Tries to be this year's "Moneyball", but it lacked that certain spark of cohesion and brilliance. In the end, it's just another feel good movie that occasionally veered towards made-for-tv schmaltzy. Clint Eastwood replays his curmudgeon old man but unfortunately it does not break any new ground. Same for Amy Adams. They both will likely get overlooked by the Oscars this year. Justin Timberlake definitely has charm but this role is not really as outstanding as his role in "Tje Social Network". The whole movie could be trimmed a bit shorter and should decide whether its focus is on baseball or family. Robert Patrick and John Goodman should give their agents a raise. Ultimately, a watchable movie that failed in its Oscars ambition.

2 November 2012


Episode 1, "Pilot": One thing you can surely depend on for any CW show is the cast are definitely good lookers. Arrow does not disappoint in this aspect, with the handsome and charismatic, if still a bit stiff, Stephen Amell, and the pretty Katie Cassidy in the lead. They are supported by a cast of good looking young and slightly older adults including Susanna Thompson (from the oldie, but goodie "Once and Again") and Paul Blackthorne (Harry Dresden from "The Dresden Files"). Of course, with creators/EP Greg Berlanti and Marc Guggenheim at the helm, this series has a lot of potential. As expected in a Pilot, the exposition was heavy, but at least it laid the threads for a larger conspiracy, some interesting potential character developments, and an interesting visual style. The Pilot was well executed and definitely hooks you in for more. For comic book fans, this has a potential for continual viewing. Although, the voice-over, though excellent in "Everwood", is a bit annoying here, and disrupts the pace of the show. As is the clunky dialogue.

Episode 2, "Honor Thy Father": Stylised show, but the VO got to go unless they really work harder on the dialogue. I understand it's supposed to imitate a comic and this is on CW where the target audience is younger, but seriously, the dialogue needs work. Diggle is turning out to be the most likeable character of the show. As a Hero, Green Arrow is sure killing a lot of people. And, by gosh, the mandarin in this show sucks (even Kelly Hu's!). Not much to say about the plot, typical Robin Hood-esque stuff. The conspiracy slowly inching forward. The island past gets interesting. The VO should really just be used to bookend the the episode.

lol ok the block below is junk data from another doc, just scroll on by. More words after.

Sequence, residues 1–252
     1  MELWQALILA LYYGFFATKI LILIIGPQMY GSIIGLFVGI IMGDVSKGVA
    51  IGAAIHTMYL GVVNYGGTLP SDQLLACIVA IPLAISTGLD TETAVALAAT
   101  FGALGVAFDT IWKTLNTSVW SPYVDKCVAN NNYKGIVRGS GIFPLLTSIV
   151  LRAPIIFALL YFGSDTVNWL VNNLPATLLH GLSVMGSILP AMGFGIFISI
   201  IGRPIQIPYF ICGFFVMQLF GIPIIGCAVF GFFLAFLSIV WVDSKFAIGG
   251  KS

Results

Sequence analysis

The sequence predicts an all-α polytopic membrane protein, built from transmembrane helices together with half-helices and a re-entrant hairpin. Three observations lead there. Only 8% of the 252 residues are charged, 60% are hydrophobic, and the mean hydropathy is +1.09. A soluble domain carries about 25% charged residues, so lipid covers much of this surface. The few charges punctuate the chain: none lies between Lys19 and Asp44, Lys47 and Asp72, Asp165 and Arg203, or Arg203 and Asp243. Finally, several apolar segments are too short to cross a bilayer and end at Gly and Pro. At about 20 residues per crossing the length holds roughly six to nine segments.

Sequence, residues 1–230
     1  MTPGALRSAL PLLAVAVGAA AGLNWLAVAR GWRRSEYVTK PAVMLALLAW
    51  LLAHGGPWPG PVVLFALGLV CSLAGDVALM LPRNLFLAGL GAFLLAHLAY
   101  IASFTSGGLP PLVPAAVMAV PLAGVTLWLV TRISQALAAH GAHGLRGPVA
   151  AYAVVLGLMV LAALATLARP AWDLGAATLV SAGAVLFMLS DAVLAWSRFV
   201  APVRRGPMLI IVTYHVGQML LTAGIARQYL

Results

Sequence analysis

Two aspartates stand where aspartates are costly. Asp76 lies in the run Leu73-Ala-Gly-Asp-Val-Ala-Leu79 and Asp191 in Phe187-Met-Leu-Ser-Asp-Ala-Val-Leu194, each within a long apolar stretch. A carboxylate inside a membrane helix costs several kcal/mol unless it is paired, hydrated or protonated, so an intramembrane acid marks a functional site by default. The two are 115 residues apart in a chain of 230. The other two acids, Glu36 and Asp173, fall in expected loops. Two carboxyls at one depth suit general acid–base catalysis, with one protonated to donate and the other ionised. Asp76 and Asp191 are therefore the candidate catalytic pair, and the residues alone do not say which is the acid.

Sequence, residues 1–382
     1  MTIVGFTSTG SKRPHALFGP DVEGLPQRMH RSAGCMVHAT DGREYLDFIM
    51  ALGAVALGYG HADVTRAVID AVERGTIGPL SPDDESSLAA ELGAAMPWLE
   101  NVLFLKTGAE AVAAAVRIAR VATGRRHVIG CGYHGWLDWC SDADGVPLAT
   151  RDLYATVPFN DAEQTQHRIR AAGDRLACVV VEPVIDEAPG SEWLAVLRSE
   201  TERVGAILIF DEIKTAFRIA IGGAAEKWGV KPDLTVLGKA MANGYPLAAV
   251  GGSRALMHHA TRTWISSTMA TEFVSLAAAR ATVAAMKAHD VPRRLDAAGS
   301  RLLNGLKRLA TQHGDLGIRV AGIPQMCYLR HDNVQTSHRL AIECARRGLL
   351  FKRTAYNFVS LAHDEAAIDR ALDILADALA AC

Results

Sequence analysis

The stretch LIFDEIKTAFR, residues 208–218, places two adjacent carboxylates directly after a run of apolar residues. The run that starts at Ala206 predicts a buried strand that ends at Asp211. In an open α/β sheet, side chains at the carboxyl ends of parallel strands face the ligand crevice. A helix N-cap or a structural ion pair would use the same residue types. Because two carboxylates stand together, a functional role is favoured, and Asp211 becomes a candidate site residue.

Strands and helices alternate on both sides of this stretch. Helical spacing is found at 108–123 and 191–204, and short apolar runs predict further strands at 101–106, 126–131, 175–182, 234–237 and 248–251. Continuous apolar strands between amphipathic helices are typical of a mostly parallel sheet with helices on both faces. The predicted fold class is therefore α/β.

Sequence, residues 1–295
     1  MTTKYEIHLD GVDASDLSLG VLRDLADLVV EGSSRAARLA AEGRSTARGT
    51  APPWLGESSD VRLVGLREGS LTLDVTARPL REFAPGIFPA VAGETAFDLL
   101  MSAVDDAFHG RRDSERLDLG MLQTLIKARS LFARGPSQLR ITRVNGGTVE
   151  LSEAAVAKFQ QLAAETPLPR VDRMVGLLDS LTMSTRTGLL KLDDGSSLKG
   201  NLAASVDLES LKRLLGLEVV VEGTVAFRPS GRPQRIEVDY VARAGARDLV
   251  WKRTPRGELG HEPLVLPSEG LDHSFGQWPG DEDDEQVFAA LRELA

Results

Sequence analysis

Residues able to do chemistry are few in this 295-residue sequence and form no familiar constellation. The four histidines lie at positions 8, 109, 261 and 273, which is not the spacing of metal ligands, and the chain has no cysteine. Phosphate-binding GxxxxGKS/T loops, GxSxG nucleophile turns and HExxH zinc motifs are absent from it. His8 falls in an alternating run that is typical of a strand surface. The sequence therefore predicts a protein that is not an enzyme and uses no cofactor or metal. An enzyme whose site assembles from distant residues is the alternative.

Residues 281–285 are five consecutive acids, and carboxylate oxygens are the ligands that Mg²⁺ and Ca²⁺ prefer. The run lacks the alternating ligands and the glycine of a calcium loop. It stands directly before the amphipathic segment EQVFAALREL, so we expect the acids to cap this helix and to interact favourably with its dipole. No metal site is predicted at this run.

Episode 3, "Lone Gunmen": Seriously, Oliver Queen's morality has gone apeshit. Character development arc! Not too bad and we are only in the third episode. Again, the damn VOs are killing it. I think I know what is irking me about them. The discordant between the tone of the VOs and Amell's face/"acting". Thea is getting annoying. She needs something more to do than just the bratty sister. Finally someone on the show that speaks better Mandarin. Interestingly, the hero-reveal is a bit sooner than expected. But at least these two have some chemistry.

Episode 4, "An Innocent Man": How does Oliver Queen even know the strange man is speaking Mandarin?? Actually, this ditching of bodyguards and constant rotation could be made into a rather amusing running gag. Also, they should really stop making Detective Lance appear so incompetent, though his storyline seemed to be getting interesting. Will he be Green Arrow's inside man? 4 episodes in and I am now more interested in the family conspiracy and Walter is starting to be intriguing. And finally, John Barrowman appears (pity no more Captain Jack Harkness) with cryptic warnings of "the list".

Episode 5, "Damaged": This episodes throws more questions than answers. Minor character development for Oliver, but major reveal for Moira. Who is she? What other secrets does she have? Also, hopefully Barrowman gets more to do than just making threats. Hopefully Walter stays around more, I am just getting warmed up to his character. One good thing is the VO is only in the start, and at the end we have Diggle - as the voice of reason/conscience - talking to Oliver instead over a montage.

Episode 6, "Legacies": 6 episodes in and we have yet to glimpsed the "Big Bad". There needs to be an overarching mythology to make it more interesting. The familial conspiracy died down. No Big Bad. This is becoming a regular superhero outing. At least the supporting characters got a bit of development, but otherwise, not much happening here this round.

Update (20 Dec 2012): I kinda stop caring about this show. Not much impetus to actually follow the exploits of Oliver Green, regardless of how rip his body is. Even the introduction of the Huntress did nothing to excite me, although the news of Seth Gable joining the cast is truly exciting, the producers should have introduced him earlier. Instead, now he seemed like a last minute attempt to get the fanboys (and girls) to watch the show. News of John Barrowman being the second archer is intriguing, but Jack Harkness he is not.

Little Women

This was a good and entertaining film that was far from perfect. Written and directed by Greta Gerwig, this film was anchored by great pe...